Keeping a Step Ahead of Liability

According to the National Safety Council, more than 30,000 people over the age of 65 are seriously injured in a fall each week, and nearly 250 die from their injuries. Of those who survive a fall, 20 to 30 percent suffer from debilitating and sometimes lifelong injuries. Even non-injurious falls may begin a downward spiral of fear, resulting in decreased mobility, independence and quality of life.

The Centers for Disease Control and Prevention (CDC) report that one-third of adults aged 65 and older fall each year, with half to two-thirds of these accidents occurring in or around the home. CNA HealthPro claims data indicate that for the years 2003-2008, patient injury due to a fall in the home was the most common liability allegation resulting in paid claims against home care providers.

Clearly, reducing the incidence and consequences of falls is a risk control priority. This edition of Home Care Briefing™ examines three core elements of a home care fall-reduction program: risk assessment, staff education and post-incident response.

Risk Assessment

During the initial visit, thoroughly evaluate the client’s condition and home environment, while educating them and their families about risk and basic safety strategies. The assessment process should incorporate the following measures, among others:

Utilize a fall risk assessment tool to assess the client’s level of risk and identify potential contributing factors, including:

  • Environmental hazards
  • Previous fall history and associated injuries
  • Need for mechanical and/or human assistance
  • Use of prescription and over-the-counter medications
  • Gait and balance disturbances
  • Foot and leg problems
  • Reduced vision
  • Medical conditions and disabilities
  • Cognitive impairment
  • Bowel and bladder dysfunction
  • Special toileting needs

Refer higher-risk clients to their physician for a more thorough assessment. These include clients who experience recurrent falls or have multiple risk factors.

Conduct a home safety check and recommend corrective actions to be completed as part of the service agreement.

Ensure that direct care staff are involved in client assessment and reassessment efforts, as they are in the best position to observe changes in condition requiring evaluation and possible modification of services.

Once the assessment process has been completed and the findings incorporated into the service plan, document all measures taken and the rationale for their implementation. In the event of future litigation, these records will be critical to defense efforts.

Staff Education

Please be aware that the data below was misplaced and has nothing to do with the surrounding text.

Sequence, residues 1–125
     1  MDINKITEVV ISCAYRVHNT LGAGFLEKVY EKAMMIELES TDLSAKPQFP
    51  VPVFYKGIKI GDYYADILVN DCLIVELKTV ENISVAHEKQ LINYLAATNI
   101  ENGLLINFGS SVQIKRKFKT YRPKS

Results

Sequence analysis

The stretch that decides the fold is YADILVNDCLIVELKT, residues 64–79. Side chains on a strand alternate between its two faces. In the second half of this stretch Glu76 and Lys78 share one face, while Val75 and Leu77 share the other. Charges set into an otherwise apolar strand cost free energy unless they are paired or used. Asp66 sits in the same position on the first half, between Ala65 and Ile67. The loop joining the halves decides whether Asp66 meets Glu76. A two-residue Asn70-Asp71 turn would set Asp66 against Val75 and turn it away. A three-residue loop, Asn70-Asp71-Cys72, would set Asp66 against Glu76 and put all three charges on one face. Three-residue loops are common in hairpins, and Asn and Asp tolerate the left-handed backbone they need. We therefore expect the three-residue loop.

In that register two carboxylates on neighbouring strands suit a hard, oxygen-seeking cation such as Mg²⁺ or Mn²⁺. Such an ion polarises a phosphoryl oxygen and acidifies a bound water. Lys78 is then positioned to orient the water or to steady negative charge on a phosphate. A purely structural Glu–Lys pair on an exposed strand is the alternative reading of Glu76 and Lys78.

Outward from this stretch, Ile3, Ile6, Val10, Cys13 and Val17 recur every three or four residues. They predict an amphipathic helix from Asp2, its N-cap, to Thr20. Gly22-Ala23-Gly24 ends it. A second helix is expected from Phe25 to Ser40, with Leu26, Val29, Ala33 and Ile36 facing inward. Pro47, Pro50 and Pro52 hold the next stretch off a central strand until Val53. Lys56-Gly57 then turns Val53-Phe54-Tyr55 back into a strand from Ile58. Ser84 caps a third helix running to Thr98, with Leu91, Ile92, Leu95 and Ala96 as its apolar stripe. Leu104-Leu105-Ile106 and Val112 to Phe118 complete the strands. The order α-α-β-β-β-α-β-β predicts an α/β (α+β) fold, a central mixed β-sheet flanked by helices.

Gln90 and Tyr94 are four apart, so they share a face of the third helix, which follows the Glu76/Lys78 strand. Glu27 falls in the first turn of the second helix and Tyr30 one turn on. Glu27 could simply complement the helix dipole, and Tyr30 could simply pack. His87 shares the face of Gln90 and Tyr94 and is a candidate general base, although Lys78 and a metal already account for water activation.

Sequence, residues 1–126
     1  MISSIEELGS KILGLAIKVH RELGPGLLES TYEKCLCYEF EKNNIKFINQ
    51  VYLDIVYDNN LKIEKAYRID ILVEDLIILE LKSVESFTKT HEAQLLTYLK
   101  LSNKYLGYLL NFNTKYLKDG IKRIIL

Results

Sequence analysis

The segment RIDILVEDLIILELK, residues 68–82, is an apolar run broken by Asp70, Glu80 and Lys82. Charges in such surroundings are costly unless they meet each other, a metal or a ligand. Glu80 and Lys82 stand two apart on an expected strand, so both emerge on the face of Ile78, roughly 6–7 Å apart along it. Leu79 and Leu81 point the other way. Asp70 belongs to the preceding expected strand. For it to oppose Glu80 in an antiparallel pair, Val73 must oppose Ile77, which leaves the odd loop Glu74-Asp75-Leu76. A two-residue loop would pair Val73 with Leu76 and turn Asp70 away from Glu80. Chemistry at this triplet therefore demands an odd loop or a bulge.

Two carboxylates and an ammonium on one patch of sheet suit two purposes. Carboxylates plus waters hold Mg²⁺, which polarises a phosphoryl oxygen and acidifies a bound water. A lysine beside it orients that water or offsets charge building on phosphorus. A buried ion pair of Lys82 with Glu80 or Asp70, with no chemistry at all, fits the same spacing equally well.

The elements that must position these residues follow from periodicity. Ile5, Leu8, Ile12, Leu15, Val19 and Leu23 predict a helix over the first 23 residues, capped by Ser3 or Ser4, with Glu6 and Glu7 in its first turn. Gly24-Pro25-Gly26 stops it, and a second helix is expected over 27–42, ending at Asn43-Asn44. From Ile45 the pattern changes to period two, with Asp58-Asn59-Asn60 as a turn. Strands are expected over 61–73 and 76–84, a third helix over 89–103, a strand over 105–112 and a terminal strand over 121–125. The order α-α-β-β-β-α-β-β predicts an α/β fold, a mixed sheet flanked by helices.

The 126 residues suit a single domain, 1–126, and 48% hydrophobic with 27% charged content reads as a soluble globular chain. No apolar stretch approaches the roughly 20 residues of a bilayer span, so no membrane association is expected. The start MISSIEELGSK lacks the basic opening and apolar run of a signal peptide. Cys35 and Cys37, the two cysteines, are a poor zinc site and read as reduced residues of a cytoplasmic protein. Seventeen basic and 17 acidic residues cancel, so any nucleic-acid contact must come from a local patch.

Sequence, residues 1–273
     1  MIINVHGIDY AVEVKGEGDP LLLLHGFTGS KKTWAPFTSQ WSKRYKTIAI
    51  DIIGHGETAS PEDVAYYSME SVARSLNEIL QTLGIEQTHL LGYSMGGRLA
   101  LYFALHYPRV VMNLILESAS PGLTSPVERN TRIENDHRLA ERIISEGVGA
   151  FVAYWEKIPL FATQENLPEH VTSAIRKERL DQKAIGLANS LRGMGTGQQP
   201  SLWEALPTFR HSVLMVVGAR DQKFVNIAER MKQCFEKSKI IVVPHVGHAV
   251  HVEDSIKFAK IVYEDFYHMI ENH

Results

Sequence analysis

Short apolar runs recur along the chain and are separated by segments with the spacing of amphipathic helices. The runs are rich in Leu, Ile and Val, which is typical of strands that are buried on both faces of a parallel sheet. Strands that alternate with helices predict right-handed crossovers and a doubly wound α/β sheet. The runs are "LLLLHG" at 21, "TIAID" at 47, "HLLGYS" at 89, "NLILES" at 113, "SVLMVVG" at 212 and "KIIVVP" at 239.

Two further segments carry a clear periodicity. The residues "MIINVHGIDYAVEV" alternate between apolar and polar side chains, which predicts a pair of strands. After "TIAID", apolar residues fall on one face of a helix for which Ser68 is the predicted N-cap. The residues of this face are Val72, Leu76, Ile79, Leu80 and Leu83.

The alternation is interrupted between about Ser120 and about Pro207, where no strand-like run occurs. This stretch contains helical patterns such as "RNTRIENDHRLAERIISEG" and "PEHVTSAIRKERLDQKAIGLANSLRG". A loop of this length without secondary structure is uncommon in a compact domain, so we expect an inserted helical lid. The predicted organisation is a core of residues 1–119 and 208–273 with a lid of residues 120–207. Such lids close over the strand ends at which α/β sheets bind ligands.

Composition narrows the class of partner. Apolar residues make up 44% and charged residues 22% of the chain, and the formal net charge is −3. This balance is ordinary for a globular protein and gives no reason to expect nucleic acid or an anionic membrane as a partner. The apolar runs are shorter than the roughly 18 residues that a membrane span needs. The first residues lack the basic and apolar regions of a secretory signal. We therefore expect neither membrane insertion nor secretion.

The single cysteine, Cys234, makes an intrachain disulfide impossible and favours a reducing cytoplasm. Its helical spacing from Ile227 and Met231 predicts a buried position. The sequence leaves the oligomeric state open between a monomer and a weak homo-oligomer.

In-service programs should focus on both skills training–e.g., how to use gait belts and assist with transfers–and examining the extent, causes, consequences and prevention of falls. Emphasize, among other points, the need for caregivers to:

  • Assess clients’ condition at every visit
  • Report changes to supervisor and family in a clear and timely manner
  • Perform frequent home safety checks
  • Reinforce fall-reduction tactics with clients and family
  • Encourage clients to ask for assistance with risky tasks
  • Implement sound documentation practices

Supervisors should recognize the emotional impact a client fall can have on caregiver staff and be prepared to provide appropriate support.

Post-incident Response
Staff diligence and pre-emptive risk assessment can reduce but not eliminate the possibility of falls. To reduce long-term exposure, it is necessary to thoroughly review incidents, analyze trends and measure the effectiveness of safety efforts.

Post-fall analysis should:

  • Describe the circumstances of the fall
  • Identify major causal factors, both personal and environmental
  • Indicate client’s functional status before and after the fall
  • Note medical co-morbidities
  • List names of witnesses
  • Suggest interventions to prevent or mitigate future falls

To protect the organization, all post-fall documentation should be incorporated into quality assurance and/or incident reporting programs. Reducing the frequency and severity of falls is a major component of any risk control program. By focusing on assessment, education and ongoing quality improvement, home care providers can help keep their clients on their feet and their liability exposure under control.


The following websites provide a range of information on fall and injury prevention and gerontological health:

In addition, visit the CDC National Center for Injury Prevention and Control (NCIPC) for information on multifaceted intervention strategies and community based fall reduction programs.

The information, examples and suggestions presented in this material have been developed from sources believed to be reliable, but they should not be construed as legal or other professional advice. CNA accepts no responsibility for the accuracy or completeness of this material and recommends the consultation with competent legal counsel and/or other professional advisors before applying this material in any particular factual situations. This material is for illustrative purposes and is not intended to constitute a contract. Please remember that only the relevant insurance policy can provide the actual terms, coverages, amounts, conditions and exclusions for an insured. All products and services may not be available in all states and may be subject to change without notice. Use of the term “partnership” and/or “partner” should not be construed to represent a legally binding partnership. CNA is a registered trademark of CNA Financial Corporation. Copyright ©2010 CNA. All rights reserved.